Yes under the Survellience Act Vic you can tape conversations you are privy to. You cannot publish them without permission. Yet the Royal Commission has given permission for these recordings to be submitted. Once they are published I will be providing them on this blog.

One incident Mestrovic berated a domestic violence survivor and told her not to report interstate Assaults. Had the victim done so the perpetrator would be locked up in Western Australia now.

Another time, the 28th of April 2015 Mestrovic informed Judge Thornton that an application for an appeal wouldnt win. So Justice Thornton not only informed the Victim of this conversation in the courtroom (have the transcript Mestrovic) Justice Thornton decided not to suspend the current family court orders.

Mestrovic has sent aggressive emails to Domestic Violence Survivors. Her incestuous relationship with the head Family Consultant aptly referred to as Ms Kunt means they think they have more power between them than the full bench of the Family Court.

Mestrovic thinks that her position enables her to bully well it is not. I will be providing copies of transcripts and references to her horrid behaviour weekly.

Mestrovic has received complaints, and her standard answer is sorry, if I did that, but I can’t remember. How lovely.

Oh and don’t be in a hurry to get any justice at the Family Court in Melbourne if you are a survivor of Domestic Violence because this head registrar decides whether applications are deemed important enough or not to warrant a hearing.

Who died and made her God? I am still wondering. She should be removed from her post and sent to the cleaning section of the Court, because her only apparent skill is brushing Family Violence under the carpet.

A disgrace to the legal profession and the Family Court. A disappointment that she is an insensitive female who has no actual idea of the pain and sufferring she is causing children and survivors of Family Violence.

Systematic Legal Abuse by Ignorant Legal Professionals in Family Law

When was the last time you implemented doors in your family law practice? The usual  reply makes reference to the position of the front door of the legal firms office.

Yet in 2012 the Australian Government Attorney-General’s Department released a comprehensive guide and handbook that required all facets of Legal professionals to adhere to this Handbook in their work Environment with clients.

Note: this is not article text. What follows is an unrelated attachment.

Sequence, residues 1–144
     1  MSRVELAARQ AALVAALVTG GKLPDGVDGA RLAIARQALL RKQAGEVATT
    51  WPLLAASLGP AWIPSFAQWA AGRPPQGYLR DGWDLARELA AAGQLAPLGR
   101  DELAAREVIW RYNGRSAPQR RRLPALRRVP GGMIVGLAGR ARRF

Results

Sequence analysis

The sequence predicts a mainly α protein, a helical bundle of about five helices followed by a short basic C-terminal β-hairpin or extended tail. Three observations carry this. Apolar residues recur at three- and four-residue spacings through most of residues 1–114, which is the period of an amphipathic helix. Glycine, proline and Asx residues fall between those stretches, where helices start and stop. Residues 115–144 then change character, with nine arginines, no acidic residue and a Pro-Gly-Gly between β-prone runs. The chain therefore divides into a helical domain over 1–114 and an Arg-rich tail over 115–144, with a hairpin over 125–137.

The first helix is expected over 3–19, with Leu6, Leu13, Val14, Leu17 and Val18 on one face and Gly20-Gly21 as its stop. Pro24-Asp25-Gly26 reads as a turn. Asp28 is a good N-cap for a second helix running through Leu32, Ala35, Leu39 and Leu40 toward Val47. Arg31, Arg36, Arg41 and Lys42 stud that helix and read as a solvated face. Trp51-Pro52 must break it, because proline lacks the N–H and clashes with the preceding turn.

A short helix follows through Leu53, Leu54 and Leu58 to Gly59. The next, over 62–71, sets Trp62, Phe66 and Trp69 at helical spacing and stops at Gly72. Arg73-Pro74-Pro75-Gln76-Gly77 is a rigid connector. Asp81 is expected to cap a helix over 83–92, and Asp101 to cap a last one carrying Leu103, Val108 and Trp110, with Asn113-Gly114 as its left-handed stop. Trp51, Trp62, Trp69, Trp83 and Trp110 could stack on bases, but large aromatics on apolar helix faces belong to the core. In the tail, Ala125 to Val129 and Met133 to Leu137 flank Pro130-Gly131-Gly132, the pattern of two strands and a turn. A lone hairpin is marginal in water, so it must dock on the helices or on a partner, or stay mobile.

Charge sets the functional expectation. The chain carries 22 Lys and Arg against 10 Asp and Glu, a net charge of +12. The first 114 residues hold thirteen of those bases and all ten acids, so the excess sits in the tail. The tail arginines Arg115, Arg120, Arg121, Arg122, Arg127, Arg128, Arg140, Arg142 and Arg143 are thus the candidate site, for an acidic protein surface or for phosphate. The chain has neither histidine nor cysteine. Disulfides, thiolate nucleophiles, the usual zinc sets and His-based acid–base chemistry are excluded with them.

(DOORS) Detection of Overall Risk Screen Handbook includes practitioner forms and software packages for free. The Family Law Branch of the Attorney-Generals Department will post a copy to you upon request for free. 

Yet herein lies the issue. Legal Aid Victoria,  does not use this required program. After four years of asking Legal Professionals by telephone and at the Family Court of Australia it appears that neither do they.

I am yet to meet one legal professional who in fact uses this important program. 

The ramifications of Professional Misconduct by Legal practitioners by not implementing this important program will be beacon for a domestic violence survivors class action suit.

As we are all aware “Judicial Discretion” daily in the Family Law Courts is not to be questioned. Yet the misconduct of  members of the Legal Profession is the simplest way of punishment for failing to provide required information to a case. I can picture the Appeal floodgates now.

The self absorbing method of “bums on seats”or “take the clients money and run” sometimes associated to Used Car Salespeople and Estate Agents will now become a dark cloud over the Legal Profession.

This turning point will take on a whole new chapter in Legal History Litigation. Professional Misconduct and renew of cases will be the new Legal Frontier for “no win no fee firms”. How can you not win when your Legal Representative has maliciously denied you “Natural Justice” by not adhering to the required legal guidelines in client assessment and Family Court?

The introductions of the said requirements of (DOORS) came into effect in 2012. The amount of cases with Legal Representation that have been through the factory fodder Family Law System since that date throughout Australia is a number I fear to count.

I am aware who will be counting, your Professional Liability Insurance  Broker and your Firms Payments team.